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The Fairy Rose

Greek frescoes from the second millennium B.C. show what is believed to be the earliest known representation of a rose.

'the fairy' roses

Photo: Manuel M. Ramos

“The Fairy” is low maintenance, and therefore an excellent choice for home gardens.

Greek frescoes from the second millennium B.C. show what is believed to be the earliest known representation of a rose. The name, according to legend, is because a woman of exquisite beauty, Rhodanthe, was turned into a beautiful rose.

Roses grew abundantly in medieval gardens where the rose petals were compressed to make rosaries.

Roses have been loved since antiquity, and today there are countless species, hybrids and cultivars represented in the genus “rosa.” Those with the showiest blossoms are often difficult for the weekend gardener to grow. However, one polyantha rose “The Fairy” is low maintenance, and therefore an excellent choice for home gardens.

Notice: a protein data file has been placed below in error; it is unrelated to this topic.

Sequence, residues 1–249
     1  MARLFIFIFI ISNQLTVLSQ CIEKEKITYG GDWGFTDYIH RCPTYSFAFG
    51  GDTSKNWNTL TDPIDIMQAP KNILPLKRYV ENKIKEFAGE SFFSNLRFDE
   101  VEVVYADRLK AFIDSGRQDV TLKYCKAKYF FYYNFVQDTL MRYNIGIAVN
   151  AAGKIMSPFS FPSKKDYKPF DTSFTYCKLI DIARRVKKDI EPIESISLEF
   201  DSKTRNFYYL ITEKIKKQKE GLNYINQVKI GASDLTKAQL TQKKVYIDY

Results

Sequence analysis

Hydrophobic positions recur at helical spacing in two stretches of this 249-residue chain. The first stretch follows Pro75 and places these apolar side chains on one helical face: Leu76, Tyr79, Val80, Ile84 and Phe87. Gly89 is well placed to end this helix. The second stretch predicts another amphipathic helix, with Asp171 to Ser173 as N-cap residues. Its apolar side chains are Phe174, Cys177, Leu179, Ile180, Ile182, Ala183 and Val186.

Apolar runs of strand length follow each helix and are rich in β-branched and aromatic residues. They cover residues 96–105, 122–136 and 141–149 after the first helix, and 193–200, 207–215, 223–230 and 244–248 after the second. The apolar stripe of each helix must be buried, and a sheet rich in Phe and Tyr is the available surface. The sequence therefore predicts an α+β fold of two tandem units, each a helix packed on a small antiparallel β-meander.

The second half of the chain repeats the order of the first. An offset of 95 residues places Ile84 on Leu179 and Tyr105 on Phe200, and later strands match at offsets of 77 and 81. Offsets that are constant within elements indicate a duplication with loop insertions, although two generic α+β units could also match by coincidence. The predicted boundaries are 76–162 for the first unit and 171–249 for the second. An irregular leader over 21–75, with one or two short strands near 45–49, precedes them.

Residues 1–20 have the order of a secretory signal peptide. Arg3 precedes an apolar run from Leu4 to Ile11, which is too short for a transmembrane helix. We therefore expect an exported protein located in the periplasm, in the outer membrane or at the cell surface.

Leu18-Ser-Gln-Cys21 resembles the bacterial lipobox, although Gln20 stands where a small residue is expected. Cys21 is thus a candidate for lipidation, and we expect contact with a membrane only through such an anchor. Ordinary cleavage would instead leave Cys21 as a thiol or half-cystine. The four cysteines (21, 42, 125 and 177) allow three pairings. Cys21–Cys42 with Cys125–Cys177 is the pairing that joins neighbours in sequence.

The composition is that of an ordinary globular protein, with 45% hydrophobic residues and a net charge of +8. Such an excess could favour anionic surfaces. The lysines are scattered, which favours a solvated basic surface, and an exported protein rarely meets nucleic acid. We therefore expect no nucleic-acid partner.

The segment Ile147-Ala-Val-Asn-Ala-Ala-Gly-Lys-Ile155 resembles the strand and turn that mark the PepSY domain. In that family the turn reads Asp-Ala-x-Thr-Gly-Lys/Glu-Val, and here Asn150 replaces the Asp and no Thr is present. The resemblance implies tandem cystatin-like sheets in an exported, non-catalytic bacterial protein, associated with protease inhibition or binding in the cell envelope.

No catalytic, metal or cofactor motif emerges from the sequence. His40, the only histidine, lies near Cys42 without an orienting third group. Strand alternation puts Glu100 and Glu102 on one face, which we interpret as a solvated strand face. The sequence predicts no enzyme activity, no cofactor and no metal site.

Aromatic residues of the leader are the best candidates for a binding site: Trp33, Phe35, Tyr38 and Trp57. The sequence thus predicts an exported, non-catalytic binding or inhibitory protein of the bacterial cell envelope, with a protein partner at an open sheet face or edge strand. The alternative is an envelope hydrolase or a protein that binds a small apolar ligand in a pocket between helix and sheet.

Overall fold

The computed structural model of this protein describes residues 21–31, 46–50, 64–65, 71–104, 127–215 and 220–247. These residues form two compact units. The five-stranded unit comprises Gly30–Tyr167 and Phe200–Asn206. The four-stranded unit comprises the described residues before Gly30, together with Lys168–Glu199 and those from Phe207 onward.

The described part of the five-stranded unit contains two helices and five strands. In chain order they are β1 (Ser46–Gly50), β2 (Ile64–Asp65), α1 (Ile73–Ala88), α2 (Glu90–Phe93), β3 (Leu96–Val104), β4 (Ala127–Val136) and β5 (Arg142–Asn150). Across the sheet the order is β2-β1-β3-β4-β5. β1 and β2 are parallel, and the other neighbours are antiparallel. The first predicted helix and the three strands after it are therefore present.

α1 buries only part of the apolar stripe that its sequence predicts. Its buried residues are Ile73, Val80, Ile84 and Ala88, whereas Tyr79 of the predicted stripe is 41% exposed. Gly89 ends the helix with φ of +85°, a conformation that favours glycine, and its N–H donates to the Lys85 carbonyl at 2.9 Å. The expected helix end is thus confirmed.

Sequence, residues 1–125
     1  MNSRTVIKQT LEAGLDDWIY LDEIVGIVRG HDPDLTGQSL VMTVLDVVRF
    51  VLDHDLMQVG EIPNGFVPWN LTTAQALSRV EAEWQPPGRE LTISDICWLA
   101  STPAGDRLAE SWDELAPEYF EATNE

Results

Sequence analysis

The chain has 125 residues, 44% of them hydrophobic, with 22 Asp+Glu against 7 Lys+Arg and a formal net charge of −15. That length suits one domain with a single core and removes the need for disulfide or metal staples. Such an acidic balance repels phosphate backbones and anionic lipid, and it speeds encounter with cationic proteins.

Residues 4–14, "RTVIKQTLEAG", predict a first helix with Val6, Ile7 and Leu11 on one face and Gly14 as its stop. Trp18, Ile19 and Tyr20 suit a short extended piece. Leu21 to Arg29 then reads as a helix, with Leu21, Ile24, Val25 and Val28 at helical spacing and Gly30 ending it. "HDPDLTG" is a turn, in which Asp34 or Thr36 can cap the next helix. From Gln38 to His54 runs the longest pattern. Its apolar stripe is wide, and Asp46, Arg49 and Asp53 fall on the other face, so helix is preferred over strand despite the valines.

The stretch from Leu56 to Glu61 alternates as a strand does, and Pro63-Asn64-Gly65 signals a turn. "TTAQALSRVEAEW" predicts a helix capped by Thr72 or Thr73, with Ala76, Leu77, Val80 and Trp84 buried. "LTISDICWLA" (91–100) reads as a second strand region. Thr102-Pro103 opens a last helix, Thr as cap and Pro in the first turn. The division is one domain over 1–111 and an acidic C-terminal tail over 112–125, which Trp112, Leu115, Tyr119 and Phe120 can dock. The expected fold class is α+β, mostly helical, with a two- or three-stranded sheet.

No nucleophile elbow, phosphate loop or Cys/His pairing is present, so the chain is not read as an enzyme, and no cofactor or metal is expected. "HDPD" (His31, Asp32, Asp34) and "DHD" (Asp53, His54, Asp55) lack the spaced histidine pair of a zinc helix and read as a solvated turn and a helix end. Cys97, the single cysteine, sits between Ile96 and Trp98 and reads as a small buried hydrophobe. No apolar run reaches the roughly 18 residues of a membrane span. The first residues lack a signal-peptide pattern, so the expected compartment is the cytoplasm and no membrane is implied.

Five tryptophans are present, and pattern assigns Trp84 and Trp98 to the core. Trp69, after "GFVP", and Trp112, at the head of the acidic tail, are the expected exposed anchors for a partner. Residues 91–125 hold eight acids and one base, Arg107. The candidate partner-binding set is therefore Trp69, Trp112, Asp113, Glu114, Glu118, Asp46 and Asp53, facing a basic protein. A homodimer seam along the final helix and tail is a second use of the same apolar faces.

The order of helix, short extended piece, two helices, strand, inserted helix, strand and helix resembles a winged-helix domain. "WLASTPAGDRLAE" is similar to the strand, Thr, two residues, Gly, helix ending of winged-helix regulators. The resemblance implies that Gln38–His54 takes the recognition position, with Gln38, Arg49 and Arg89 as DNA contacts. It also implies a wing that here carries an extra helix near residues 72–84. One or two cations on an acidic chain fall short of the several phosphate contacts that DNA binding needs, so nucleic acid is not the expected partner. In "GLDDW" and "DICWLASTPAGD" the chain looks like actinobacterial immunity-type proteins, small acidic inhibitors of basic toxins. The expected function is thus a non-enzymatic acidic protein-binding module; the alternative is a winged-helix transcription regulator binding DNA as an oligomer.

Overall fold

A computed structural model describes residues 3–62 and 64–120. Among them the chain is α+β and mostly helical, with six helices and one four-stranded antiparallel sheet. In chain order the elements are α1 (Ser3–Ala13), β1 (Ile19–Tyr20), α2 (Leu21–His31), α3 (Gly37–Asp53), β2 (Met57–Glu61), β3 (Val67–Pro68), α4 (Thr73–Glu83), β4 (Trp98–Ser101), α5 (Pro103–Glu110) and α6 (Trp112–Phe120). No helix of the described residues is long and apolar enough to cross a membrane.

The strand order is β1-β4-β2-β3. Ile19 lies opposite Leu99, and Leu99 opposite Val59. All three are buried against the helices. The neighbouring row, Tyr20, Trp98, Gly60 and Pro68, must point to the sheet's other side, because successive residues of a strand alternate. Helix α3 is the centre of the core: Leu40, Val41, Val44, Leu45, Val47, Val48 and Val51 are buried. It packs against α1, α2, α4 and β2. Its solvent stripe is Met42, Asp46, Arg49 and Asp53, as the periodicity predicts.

It blooms throughout the growing season with clusters of small pink flowers which though they are not perfumed, last well in a vase. It can be planted in the spring or fall, preferably in full sun, though it will tolerate light shade.

It prefers moist but well drained soil with plenty of compost mixed in. It is a low spreading plant and needs about an inch of water each week.

Each spring prune off any dead canes, and fertilize monthly until august. This is a lovely informal rose bush that rewards your minimal attention to its needs, with a luxuriant and continuous display of flowers.

Moya Andrews

, originally from Queensland, Australia, served as Vice Chancellor for Academic Affairs and Dean of the Faculties at Indiana University until 2004. In the same year, Moya began hosting Focus on Flowers for WFIU. In addition, Moya does interviews for Profiles, is a member of the Bloomington Hospital Board, and authored Perennials Short and Tall from Indiana University Press.

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